Ghost Tweeting is the Milli Vanilli of Web 3.0.
Today I did the unthinkable. For a Mac fangirl it was absolutely preposterious. Egregious. Some might say sacrilegious. Or at least some sort of something with an “ous” at the end. Seriously.
I unfollowedous Guy Kawasakious.
As I rifled through my follow list, my heart was pounding. Was I really going to do it? Was I going to extricate myself from the biggest Twitter party on the planet? Could I really let go of @guykawasaki? Could I accept being relegated to the Twitter clueless who wouldn’t know a Guy Kawasaki from a lawn mower? I mean really. Who doesn’t follow Guy Kawasaki. And if I dared to hit the ominous “remove” button would he swiftly launch his minions upon me in a mass unfollow? What could I possibly be thinking??? Am I nuts?
I hold my breath. I look around. The sky isn’t darkening. Storm clouds not rolling in. No scowling Vincent Price peering through the window. No gargoyles to speak of.
So like, whew! I really did it. I broke up with Guy Kawasaki. No tears. No regrets. And no blood was shed. Or maybe his minions just didn’t have my street address. Finally, I had my freedom. Churn, baby, churn.
This is what happens when you do bad. People walk away. They unfollow. They untrust. I am now unceremoniously referring to it as #guyfail. When you represent something so awesome, but then somehow lose what made you awesome to begin with. Guy Kawasaki used to get it. But when he announced last week at #SESNY that he has three ghost tweeters writing under his Twitter account, I realized somewhere along the way, he lost it. If he can’t see the incredible value of a genuine, unfiltered Twitter persona and the abomination that is a ghosted account, then my friends the man no longer gets it. And it’s time to pass the mantle.
Sure, Guy might get it in a Web 2.0 kind of way, understanding that he must have presence. Write articles. Make Twitter accounts. Build empire. But that’s not Web 3.0. The new era of social media is about more than just making sure you have 30 pithy tweets per day attributed to your name. It’s about CONNECTING. For reals.
Yeah, I can hear it now. The voice out there saying it’s okay to ghost for a brand, and hey, isn’t Guy Kawasaki a brand? Well, let me ask you this. Aren’t we ALL brands today? Isn’t it the new mantra that everyone needs to have “reputation management?” And aren’t we all supposed to be building our “personal brands?” How fast would any one of us get unfollowed if it got out that it’s not really us behind our Twitter. Or behind our blog. If you found out that Seth Godin wasn’t writing his blog would you value him as much? Would his blog feel the same? Would you respect him in the same way? Would anything attached to his name carry the same weight? No, it really wouldn’t.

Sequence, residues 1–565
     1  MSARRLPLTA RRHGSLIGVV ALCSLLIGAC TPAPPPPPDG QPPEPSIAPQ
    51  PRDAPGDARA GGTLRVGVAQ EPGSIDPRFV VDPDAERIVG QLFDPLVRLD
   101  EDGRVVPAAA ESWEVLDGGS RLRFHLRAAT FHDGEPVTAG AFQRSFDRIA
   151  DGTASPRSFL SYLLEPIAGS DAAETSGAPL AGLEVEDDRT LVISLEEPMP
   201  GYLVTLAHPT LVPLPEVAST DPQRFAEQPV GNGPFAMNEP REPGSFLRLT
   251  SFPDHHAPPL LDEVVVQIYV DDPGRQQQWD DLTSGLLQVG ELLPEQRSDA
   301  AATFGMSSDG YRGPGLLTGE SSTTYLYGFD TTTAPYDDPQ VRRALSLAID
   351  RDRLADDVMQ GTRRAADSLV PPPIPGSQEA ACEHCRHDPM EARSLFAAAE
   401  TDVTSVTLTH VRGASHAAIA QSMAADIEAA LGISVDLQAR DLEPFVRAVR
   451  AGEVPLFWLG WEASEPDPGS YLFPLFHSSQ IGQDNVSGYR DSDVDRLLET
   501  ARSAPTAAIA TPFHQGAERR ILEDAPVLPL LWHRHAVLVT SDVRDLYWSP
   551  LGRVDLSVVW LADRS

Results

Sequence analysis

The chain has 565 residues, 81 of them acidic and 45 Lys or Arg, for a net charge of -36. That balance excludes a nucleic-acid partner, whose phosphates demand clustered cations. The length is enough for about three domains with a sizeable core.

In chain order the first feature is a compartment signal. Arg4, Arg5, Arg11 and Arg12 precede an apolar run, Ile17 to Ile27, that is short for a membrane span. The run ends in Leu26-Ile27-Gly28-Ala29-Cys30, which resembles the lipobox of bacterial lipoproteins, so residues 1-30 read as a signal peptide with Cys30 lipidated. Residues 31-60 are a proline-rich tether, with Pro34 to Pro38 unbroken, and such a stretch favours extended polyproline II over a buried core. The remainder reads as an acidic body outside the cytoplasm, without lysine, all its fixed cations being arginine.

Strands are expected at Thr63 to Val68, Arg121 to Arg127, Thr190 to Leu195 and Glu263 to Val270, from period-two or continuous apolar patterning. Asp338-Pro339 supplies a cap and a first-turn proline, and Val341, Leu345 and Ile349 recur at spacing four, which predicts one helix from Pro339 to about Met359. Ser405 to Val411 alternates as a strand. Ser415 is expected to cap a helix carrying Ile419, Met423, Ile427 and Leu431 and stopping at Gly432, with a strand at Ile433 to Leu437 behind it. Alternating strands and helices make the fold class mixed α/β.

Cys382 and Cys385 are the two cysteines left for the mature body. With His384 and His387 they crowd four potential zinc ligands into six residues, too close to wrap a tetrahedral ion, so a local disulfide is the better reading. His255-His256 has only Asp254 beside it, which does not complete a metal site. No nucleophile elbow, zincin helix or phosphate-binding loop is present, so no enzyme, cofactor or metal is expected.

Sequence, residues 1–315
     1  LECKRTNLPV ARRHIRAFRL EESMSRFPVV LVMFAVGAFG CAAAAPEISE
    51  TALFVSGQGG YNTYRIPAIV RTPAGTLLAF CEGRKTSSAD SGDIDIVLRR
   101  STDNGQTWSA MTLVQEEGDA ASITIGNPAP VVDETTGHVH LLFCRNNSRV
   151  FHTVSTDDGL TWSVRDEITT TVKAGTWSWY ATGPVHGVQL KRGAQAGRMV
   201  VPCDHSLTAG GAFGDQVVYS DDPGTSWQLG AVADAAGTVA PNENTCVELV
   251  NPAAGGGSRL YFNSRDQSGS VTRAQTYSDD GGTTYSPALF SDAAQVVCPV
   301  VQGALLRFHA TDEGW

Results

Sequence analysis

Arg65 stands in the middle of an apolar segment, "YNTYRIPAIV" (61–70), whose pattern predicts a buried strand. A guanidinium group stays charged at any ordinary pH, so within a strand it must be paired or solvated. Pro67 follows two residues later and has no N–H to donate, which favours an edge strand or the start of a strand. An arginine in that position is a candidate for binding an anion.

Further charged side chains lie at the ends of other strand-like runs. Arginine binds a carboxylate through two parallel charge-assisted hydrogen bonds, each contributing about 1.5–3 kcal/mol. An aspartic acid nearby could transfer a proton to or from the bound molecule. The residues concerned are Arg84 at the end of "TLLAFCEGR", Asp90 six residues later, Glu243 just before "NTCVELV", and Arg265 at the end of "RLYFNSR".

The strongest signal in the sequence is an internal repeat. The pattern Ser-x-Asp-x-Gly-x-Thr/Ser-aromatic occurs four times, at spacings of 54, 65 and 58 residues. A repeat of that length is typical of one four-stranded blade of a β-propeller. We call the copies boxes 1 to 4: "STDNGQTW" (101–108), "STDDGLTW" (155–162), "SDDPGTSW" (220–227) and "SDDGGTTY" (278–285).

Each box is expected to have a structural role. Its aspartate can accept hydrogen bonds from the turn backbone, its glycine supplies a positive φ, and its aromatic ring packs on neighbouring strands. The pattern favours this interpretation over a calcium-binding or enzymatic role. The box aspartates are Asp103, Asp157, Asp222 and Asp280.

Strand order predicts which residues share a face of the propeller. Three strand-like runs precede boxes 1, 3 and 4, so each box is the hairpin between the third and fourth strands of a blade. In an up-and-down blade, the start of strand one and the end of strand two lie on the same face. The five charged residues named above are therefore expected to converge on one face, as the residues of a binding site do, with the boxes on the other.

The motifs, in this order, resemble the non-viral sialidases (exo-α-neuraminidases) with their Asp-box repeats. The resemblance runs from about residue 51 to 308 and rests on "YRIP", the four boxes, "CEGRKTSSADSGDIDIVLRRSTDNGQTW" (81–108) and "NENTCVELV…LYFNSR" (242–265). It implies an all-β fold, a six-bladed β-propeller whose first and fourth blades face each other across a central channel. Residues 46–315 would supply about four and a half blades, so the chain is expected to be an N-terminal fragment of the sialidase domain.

It’d be kind of like walking down Canal Street and seeing a hundred women carrying Louis Vuitton handbags, and realizing maybe one or two of them MIGHT be genuine. Sure, they look nice and all. But having a designer handbag has lost a lot of its cachet. Because so many out there simply aren’t real. This is what ghost tweeting does to social media. It injects doubt where there should be authenticity.
Think authenticity doesn’t matter?
Put on your denim jacket and parachute pants and let’s H.G. Wells ourselves back to the world of Milli Vanilli.
America loved Milli Vanilli. Six times platinum loved them. Grammy for Best New Artist in 1990. But then it came out that the two guys on the cover didn’t sing a note on the album. We all know where the story goes after that. Now maybe Guy Kawasaki doesn’t want a Milli Vanilli debacle on his hands. So he’s using a little Web 2.0 swagger and admitting to ghost tweeters in the name of transparency. But doing that is what makes it so clear he doesn’t get it. Because it’s not just about connecting and presence and faux transparency.
The magic of social media is in the authenticity.